The architecture of a face is in the bone structure, yes, but more in the character of the person. You can tell by how they carry themselves that they are strong or soft, complex or simple. All of that means that there is a sense of architecture in a good portrait.
Cait married Matt on a blustery September afternoon in downtown Portland… the wedding was at the elegant University Club… an institution in the very best sense of the word. When it was time to have them out for portraits, we went out into the streets looking for good light and interesting spaces. They both brought this wonderful sense of play to the table and they trusted me to make it work.
Everyone has an interesting face… the key to it is to be alive in your own skin… stop worrying about the magazines and the media. The architecture of your face won’t be like anyone else and that is something to be celebrated.
A year ago yesterday we had a lovely sunny day after a long stretch of wet ones…. I think it made us all a little giddy. When Drew picked her up and danced her into the field, there was a collective grin on the face of the crowd. Quilted love letters courtesy of Jac, the beaming bride. ;0)
The cocktail hour was rolling at my back when I stood on the veranda at Zenith Vineyards for a quiet minute… the air was October crisp on my face. A cool part of my job is to be responsible for bringing home the parts of the day that the lovers may not see… a chance to give them a little added dimension. I must confess, though, that I would have taken this just for myself in any case. Why not gather the pretty parts of any given day?
I was waiting at the church. It was a bright Saturday at the end of October in 1994 and my bride and groom were running late. I heard the door and turned to see this man come into the sanctuary at Holy Rosary… he was moving a little slowly and carrying a most wonderful wedding portrait under his arm. Curious, as always, I asked him if he was there for the wedding? He looked somewhat confused and said he was there for Mass… he thought it was Sunday. Then I asked him about the photograph and he introduced me to his late wife.
John was 94 when we met and Merle, his true love, had been gone for 3 years. They must have been married for close to 70 years if I can go by the photo. He carried it everywhere he went. I have friends who had seen him at Lloyd Center… always with Merle tucked in beside him.
The story goes a little further in that the church used Merle’s face as the model for one of their new stained glass windows. I believe it is the Madonna in the window high to the left of the alter.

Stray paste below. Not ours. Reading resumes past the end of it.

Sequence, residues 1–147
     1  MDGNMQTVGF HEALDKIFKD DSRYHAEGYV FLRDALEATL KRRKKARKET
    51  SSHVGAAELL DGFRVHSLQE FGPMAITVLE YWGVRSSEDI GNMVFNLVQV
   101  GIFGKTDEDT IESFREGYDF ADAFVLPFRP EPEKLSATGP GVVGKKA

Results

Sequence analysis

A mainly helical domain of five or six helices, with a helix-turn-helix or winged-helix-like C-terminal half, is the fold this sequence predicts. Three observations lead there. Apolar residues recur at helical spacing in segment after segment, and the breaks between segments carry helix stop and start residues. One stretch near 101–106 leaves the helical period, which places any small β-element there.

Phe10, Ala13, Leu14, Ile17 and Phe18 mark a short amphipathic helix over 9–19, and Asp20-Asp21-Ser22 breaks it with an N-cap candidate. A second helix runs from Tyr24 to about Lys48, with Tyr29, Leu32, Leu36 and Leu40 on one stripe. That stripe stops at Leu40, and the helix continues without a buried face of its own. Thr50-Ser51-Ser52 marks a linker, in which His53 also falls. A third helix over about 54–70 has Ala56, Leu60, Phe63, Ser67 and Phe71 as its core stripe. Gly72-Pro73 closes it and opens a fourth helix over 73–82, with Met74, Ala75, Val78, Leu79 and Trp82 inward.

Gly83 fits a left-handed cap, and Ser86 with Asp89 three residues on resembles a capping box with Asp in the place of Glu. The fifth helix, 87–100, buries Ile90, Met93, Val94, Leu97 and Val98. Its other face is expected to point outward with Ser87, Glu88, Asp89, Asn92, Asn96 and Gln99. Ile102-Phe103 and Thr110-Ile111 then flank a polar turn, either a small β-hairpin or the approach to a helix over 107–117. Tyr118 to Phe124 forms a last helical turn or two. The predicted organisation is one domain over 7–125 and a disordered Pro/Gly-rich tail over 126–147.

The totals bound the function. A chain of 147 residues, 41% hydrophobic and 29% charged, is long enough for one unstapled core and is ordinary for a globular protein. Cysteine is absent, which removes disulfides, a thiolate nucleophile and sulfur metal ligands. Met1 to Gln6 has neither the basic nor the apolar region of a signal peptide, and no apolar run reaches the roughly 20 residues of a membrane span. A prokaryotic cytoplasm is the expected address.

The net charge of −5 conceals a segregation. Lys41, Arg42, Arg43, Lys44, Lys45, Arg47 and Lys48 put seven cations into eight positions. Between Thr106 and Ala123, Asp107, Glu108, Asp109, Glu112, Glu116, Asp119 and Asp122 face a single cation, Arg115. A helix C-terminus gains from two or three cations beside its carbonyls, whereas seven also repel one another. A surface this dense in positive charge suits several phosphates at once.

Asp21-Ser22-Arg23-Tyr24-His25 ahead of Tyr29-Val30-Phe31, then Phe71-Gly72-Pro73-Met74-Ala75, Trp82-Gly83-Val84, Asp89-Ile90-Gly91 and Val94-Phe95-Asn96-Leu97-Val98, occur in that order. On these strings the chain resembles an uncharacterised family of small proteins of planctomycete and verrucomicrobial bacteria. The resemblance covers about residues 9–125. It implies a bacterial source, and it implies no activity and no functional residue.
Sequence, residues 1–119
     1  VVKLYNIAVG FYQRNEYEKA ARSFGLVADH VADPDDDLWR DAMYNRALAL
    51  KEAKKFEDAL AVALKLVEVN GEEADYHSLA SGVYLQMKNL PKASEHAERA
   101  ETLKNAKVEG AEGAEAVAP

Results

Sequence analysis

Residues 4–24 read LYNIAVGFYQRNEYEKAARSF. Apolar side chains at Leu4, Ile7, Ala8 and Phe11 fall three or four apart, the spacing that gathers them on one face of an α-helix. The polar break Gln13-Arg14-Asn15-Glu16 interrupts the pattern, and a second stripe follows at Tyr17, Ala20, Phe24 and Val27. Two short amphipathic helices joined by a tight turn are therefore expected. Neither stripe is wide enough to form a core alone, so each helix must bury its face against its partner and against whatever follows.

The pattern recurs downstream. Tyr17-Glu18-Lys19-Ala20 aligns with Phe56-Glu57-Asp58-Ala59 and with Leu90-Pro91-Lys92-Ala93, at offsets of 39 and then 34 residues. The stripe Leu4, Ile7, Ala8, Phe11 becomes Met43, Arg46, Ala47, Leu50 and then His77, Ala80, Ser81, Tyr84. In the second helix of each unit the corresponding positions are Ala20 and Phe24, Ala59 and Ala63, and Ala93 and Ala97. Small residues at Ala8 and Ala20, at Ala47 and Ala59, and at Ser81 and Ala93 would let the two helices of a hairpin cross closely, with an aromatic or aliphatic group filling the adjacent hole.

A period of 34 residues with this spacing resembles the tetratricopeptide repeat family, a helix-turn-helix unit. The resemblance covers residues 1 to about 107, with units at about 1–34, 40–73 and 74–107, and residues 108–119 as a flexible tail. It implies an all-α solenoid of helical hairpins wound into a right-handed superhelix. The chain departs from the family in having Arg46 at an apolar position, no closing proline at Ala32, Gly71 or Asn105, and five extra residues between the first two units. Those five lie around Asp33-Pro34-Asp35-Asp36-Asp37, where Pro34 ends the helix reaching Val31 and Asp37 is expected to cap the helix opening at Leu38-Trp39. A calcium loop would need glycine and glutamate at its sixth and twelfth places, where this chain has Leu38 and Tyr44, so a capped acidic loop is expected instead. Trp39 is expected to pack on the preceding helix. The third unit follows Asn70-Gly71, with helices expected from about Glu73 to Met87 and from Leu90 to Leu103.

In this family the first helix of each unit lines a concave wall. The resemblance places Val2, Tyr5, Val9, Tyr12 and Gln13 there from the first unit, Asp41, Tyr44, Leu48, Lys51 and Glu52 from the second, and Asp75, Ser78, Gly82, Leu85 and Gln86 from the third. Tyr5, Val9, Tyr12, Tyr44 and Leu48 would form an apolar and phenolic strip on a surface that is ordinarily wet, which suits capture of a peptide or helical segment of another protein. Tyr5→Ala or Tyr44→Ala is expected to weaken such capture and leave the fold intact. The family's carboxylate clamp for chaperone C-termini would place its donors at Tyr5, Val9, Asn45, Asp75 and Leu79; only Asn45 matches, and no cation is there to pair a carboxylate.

I’d love to know who did the original portrait.
John and his Merle are gone now but the pictures remain… raise your glass to the love that lasts.
November has been quite dark… made darker for me by the face-in-computer-time, I’m sure. More than half of my brides this year were after August and before November. That makes for a lot of work all at once. Sometimes all of that work backs up in my brain and wakes me at 4:00 AM… I worry it like a manic terrier of some sort and then whoever is in charge up there wanders off to look at other things. Last night, my brain took me back to California… Laguna Seca in 2007 to be more specific. It wanted to look at this old taxi cab again… the old De Soto reminds me of so many crayons in the sunlight.
The gentleman on the bench had the kindest eyes and a rather squashed hat on his old head… the pug was a little nervous. We were walking through Faneuil Hall in Boston and I didn’t do my usual sneaky candid. I decided not to treat him as a tourist sight… I went over and asked if I might take a picture of his dog. His smile and his yes were so gracious that I only took this one frame. I left out his fabulous face and hat because I had only asked about the dog.
Unusual for me.
Head shots… seems like just about everybody needs one sooner or later. I enjoy the challenge of it… as a photographer, you have to be mindful of how the image will be used. Are we talking about a very conservative banker or do we have an actor in need of a fresh look? It’s important to match the personality with the look. I am pleased to see people pushing the edges as it suits them… head shots are now varied and much more interesting than in years past. These are all professional people in their own right. Considering the sheer volume of connecting we do these days, it seems to me that we should put on a fresh face when we have outgrown the old one. I’d be happy to talk to you about a session if you are in the market.